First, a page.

I tend to talk about teas version by version, or maybe source by source, or at most type by type.  A question came up in a tea group (in the Facebook Pu’er Tea Club) about trying versions equivalent to Yunnan pu’er from Southeast Asia (so not pu’er, since that’s a regional tea name).

In response I mentioned a number of sources, which works as an introduction to what the teas are.  I’ll reference the general feedback there and what those sources sell, which will outline what is out there too (most of it – the range is quite broad).

The different versions vary a lot. Not all the styles are exactly the same as in Yunnan; and of course those vary a lot too – just in a different sense. Some versions can be just as similar to green or white teas, depending on the source. For all the ones I just mentioned, the general style would tend to be familiar: Quite continuous with the Yunnan processing and style conventions.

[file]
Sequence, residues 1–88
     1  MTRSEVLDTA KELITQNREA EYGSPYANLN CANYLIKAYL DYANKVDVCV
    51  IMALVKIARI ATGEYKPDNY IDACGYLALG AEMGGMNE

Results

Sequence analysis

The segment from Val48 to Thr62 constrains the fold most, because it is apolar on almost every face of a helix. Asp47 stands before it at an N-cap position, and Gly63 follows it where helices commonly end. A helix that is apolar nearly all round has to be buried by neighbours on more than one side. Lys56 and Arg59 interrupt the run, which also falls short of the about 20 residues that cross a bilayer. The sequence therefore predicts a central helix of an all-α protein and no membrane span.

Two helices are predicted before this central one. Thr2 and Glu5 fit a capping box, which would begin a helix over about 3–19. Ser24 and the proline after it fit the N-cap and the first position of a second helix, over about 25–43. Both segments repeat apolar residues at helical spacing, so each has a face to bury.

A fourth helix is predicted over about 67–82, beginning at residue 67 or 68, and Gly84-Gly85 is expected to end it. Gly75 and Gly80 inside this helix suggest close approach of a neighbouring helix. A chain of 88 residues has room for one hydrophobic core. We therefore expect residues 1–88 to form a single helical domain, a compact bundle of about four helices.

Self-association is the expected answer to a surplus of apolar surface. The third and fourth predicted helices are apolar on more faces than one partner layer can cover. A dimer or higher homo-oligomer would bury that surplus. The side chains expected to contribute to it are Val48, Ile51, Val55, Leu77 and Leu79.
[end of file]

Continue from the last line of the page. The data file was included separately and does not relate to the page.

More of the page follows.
It’s hard to separate local character from processing variations, especially given that context. It had seemed to me that Myanmar sheng were very bitter in general, but I just tried a 2018 sheng version that wasn’t necessarily from Kokang. Compared to a Yiwu maybe it was, but I mean it was quite drinkable and well-balanced for a young tea. More “local” sourced shu varies quite a bit. I’ve had great luck with Myanmar and Thai versions, less with what I’ve tried from Vietnam, and less shu comes out of Laos.

It’s a bit much to cite all those vendors but who they are and what they sell tells the story.

To be continued in Pu’er-Like Teas From Southeast Asia – Part 2

Photo “Pu’er tea” is copyright under Creative Commons Attribution 2.0 Generic License to the photographer “T.Tseng” and is being posted unaltered (source)